This statue depicts Alexander Mackenzie, the second prime minister of Canada, and the first Liberal leader to rise to that position.
The cornerstone of Centre Block can be found on the east side of the building.
This rather large monument honours Robert Baldwin and Louis-Hippolyte LaFontaine, both considered Fathers of Confederation (though neither lived to see Confederation enacted). They were co-premiers of the province of Canada (today Ontario and Quebec) starting in 1848, and their work bolstered responsible government and the idea of the colonies taking control of their own domestic affairs. This is the work of Walter Allward, whose masterpiece work was the Vimy Ridge memorial.
George Brown was the journalist, politician, and Father of Confederation who strongly believed in responsible government and argued for Confederation. The sculpture incorporates both English and French translations of the scroll to be found at its base.
Wonderful post, William, and the blue sky makes a lovely background in your photos!ReplyDelete
Very interesting menReplyDelete
I like the idea of co-premiers. Were they well received?ReplyDelete
...thanks William, I must say that I'm a bit weak on Canadian history!ReplyDelete
love those names. love the hat waving up above his head. ( :ReplyDelete
@Mo: they were.
@Janis: fairly well.
@Tom: it's a subject I'm well versed in.
@Beth: they are distinctive names.
The Vinyl Ridge Memorial is indeed a masterpiece William, Allward is incroyably talented!ReplyDelete
Great men and great monuments. Have a great new week!ReplyDelete
There is much respect for the past with all those memorials.ReplyDelete
Beautiful monuments !ReplyDelete
These sculptures are a good way for us to know about our history.ReplyDelete
These are the kinds of sculptures I appreciate. Usually, we find primarily sculptures of war "heroes" which I think tend to glorify war. Nice photos, too!ReplyDelete
An important figure in Canadian history.ReplyDelete
I like the first one, the lower statues of the woman and another man give it an extra dimension.ReplyDelete
great statues...and look at that blue sky!ReplyDelete
There are so many fine sculptures up there!ReplyDelete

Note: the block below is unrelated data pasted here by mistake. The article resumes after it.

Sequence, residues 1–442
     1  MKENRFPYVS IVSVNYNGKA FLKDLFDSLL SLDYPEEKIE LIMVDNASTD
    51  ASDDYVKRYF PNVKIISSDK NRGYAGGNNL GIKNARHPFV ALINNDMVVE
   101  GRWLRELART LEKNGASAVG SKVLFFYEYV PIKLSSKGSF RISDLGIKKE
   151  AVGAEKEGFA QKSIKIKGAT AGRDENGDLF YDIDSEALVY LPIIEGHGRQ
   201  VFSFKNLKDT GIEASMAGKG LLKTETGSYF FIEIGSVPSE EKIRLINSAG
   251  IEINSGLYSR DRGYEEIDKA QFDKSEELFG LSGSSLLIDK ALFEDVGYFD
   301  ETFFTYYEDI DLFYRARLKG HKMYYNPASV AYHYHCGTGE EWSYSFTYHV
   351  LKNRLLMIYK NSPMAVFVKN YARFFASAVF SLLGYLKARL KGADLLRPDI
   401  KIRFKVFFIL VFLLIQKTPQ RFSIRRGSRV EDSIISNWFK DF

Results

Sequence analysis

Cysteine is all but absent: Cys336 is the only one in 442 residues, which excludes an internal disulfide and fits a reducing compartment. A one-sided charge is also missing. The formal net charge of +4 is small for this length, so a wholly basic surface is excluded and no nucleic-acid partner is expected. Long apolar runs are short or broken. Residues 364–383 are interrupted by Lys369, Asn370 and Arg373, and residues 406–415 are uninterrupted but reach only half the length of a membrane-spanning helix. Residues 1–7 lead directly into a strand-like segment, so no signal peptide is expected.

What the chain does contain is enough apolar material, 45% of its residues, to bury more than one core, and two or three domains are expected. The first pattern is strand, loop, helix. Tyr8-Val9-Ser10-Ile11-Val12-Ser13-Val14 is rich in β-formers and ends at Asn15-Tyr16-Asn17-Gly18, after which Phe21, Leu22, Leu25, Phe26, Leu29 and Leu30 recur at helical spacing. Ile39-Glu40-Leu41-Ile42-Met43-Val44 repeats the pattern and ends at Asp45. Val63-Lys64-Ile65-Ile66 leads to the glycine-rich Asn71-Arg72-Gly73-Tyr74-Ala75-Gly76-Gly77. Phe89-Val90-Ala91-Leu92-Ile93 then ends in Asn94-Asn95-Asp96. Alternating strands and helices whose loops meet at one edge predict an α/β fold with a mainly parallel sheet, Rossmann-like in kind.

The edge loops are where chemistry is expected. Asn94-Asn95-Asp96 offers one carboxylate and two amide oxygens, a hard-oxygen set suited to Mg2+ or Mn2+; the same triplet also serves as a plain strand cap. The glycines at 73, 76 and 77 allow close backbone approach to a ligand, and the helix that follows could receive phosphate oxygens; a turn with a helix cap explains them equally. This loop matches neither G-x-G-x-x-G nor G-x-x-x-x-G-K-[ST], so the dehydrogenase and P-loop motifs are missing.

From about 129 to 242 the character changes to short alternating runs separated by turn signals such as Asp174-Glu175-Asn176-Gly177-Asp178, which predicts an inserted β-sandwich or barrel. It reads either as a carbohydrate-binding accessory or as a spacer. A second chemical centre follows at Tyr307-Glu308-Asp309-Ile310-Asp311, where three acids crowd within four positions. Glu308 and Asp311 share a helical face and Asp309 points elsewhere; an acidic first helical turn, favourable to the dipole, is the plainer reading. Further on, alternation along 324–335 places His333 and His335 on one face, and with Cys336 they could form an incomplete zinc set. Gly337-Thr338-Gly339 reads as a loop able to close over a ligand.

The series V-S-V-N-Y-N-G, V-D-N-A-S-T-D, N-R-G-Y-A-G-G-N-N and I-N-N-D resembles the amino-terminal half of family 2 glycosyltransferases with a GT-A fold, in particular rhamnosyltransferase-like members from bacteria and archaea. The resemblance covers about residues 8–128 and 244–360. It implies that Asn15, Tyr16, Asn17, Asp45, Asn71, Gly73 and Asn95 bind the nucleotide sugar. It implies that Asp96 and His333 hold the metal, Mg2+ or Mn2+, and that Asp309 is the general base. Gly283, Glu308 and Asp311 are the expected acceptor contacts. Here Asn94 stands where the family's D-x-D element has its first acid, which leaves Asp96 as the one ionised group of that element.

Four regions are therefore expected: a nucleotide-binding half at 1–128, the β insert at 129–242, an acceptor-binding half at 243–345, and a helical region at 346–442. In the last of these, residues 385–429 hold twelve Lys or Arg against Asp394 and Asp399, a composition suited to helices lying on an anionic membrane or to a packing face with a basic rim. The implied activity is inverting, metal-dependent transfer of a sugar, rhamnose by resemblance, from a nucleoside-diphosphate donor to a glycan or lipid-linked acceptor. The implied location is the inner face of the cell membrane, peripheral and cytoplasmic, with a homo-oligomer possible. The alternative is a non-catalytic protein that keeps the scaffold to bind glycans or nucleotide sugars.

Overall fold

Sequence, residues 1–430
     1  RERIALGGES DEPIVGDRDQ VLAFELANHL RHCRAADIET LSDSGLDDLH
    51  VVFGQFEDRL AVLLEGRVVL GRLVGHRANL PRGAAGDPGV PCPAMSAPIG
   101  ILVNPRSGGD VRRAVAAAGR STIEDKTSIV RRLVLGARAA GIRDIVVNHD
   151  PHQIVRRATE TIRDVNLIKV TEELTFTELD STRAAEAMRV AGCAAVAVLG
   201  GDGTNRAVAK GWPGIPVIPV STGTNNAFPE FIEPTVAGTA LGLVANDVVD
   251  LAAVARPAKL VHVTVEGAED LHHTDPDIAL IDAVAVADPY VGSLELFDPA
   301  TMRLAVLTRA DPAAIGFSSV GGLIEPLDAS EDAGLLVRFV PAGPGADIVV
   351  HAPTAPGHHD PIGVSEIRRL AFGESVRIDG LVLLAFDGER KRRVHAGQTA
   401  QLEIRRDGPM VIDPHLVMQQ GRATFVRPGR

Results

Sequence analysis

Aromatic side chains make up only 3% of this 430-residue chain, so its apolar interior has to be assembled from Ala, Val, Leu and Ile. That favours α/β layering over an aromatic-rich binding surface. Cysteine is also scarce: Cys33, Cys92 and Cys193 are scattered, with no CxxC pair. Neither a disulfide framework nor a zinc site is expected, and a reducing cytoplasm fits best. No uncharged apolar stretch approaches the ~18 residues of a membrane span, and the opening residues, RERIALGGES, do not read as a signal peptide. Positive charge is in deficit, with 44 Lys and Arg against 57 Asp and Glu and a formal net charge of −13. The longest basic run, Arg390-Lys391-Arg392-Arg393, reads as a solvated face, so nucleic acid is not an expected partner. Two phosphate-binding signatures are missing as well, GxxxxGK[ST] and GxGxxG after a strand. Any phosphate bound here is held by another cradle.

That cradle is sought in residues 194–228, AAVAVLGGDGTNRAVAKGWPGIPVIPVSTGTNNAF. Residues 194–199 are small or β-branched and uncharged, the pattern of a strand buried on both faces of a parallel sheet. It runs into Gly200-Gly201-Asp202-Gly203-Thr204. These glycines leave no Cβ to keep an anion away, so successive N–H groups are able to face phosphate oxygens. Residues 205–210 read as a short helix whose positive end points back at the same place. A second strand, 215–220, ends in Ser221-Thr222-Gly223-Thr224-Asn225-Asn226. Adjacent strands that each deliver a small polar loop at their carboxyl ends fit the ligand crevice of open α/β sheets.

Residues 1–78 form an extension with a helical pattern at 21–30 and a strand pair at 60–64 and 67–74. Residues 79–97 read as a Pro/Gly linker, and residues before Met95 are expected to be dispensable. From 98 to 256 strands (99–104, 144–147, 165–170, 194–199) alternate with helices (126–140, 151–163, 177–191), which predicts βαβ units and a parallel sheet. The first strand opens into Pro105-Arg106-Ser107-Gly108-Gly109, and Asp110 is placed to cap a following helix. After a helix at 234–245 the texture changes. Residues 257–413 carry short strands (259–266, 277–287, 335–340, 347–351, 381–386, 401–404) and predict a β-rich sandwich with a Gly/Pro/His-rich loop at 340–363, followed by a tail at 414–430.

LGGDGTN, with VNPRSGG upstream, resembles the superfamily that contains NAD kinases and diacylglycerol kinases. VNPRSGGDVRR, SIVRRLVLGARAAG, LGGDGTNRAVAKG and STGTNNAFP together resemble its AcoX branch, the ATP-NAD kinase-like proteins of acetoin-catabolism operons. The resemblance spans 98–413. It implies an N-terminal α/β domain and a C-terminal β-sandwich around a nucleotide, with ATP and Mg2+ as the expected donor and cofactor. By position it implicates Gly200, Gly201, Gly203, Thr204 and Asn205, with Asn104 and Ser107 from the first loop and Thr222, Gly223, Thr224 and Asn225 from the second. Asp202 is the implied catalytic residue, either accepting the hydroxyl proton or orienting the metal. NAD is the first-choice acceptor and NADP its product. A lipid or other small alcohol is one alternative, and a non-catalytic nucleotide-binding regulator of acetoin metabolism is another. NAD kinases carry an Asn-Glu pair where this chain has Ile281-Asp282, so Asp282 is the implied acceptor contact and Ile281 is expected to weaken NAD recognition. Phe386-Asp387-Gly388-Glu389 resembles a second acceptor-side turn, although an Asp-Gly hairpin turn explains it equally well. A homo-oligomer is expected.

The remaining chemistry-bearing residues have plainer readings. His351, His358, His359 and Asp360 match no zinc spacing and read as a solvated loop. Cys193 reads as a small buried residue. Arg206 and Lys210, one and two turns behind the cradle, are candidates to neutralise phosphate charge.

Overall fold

@Grace: he is.ReplyDelete
@Cloudia: you're welcome.
@Karl: they are!
@Red: I agree.
@Lowell: I do have one of those in a couple of days.
@Halcyon: they all are!
@Marleen: yes, I think so.
@Tanya: it was a rare sunny day in February!
@RedPat: there are quite a number of them.
Hello, they are great statues and memorial! Enjoy your day and the new week ahead!ReplyDelete
Hello from Poland. Still cold in Ottawa? Wonderful statues. Two premiers sounds good, but I can't imagine it nowadays.ReplyDelete
Fabulous statues and an equally fabulous blue sky too!ReplyDelete
All the best Jan
Those statues are beautiful. Interesting men back in the days.ReplyDelete
Great pieces of history.ReplyDelete
The tulips are gorgeous!!! Interesting memorial!ReplyDelete
@Eileen: thank you!ReplyDelete
@Klara: I don't think it would work these days. At the time, the two colonies, Upper and Lower Canada, being united into one like that, the idea was that it made sense to have premiers from the two regions making decisions. It seemed to work for those years.
@Jan: thank you.
@Bill: they were quite accomplished- Mackenzie especially, who came from humble roots, starting his working life as a stone mason.
@SRQ: they are.
@Chieftess: it was time for a spring banner, though we're long from the tulips yet!
Quite the history.ReplyDelete
Canada certainly honors its historical figures.ReplyDelete
Handsome. And interesting to see them all rendered in black. That is not the usual way for most of our monuments.ReplyDelete
It's nice to see this history in Canada's 150th year. And why, oh why, are dates rendered in Roman numerals? Isn't 1916 a lot easier to carve and read than MDCCCCXVI??ReplyDelete
The 7th picture from top has such a sincere meaning.ReplyDelete
@Mari: we've got a lot of it.ReplyDelete
@Norma: we try to.
@Jack: it's the material they use, but they keep these fairly clean.
@Kay: I know, it's irritating to have to figure out all those roman numerals.